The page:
Joomla makes extensive use of the Model-View-Controller design pattern.
When Joomla is started to process a request from a user, such as a GET for a particular page, or a POST containing form data, one of the first things that Joomla does is to analyse the URL to determine which component will be responsible for processing the request, and hand control over to that component.
If the component has been designed according to the MVC pattern, it will pass control to the controller. The controller is responsible for analysing the request and determining which model(s) will be needed to satisfy the request, and which view should be used to return the results back to the user.
The model encapsulates the data used by the component. In most cases this data will come from a database, either the Joomla database, or some external database, but it is also possible for the model to obtain data from other sources, such as via a web services API running on another server. The model is also responsible for updating the database where appropriate. The purpose of the model is to isolate the controller and view from the details of how data is obtained or amended.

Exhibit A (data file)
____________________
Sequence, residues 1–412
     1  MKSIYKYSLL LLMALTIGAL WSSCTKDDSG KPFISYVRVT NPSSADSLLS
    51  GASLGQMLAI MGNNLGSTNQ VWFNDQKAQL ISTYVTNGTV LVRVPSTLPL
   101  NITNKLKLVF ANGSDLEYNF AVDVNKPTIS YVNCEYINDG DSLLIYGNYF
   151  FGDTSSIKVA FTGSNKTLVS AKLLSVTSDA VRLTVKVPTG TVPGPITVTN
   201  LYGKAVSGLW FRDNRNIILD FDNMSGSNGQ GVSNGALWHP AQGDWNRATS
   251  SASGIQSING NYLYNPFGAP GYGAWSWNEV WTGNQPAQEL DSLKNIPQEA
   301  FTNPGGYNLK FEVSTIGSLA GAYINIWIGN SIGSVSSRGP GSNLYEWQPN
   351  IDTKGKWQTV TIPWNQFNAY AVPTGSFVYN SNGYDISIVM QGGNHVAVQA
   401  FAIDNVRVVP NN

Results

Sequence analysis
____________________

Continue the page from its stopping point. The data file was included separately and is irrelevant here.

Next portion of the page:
The view is responsible for generating the output that gets sent to the browser by the component. It calls on the model for any information it needs and formats it appropriately. For example, a list of data items pulled from the model could be wrapped into an HTML table by the view.
Since Joomla is designed to be highly modular, the output from the component is generally only part of the complete web page that the user will ultimately see. Once the view has generated the output the component hands control back to the Joomla framework which then loads and executes the template. The template combines the output from the component, and any modules that are active on the current page, so that it can be delivered to the browser as a single page.
To provide additional power and flexibility to web designers, who may only be concerned with creating new designs rather than manipulating the underlying code, Joomla splits the traditional view into a separate view and layout. The view pulls data from the model, as in a traditional MVC pattern, but then simply makes that data available to the layout, which is responsible for formatting the data for presentation to the user. The advantage of having this split is that the Joomla template system provides a simple mechanism for layouts to be overridden in the template. These layout overrides (often called "template overrides" because they form part of the template, although actually it is the layout that is being overridden) are bundled with the template and give the template designer complete control over all the output from the Joomla core and any installed third-party extensions that comply with the MVC design pattern.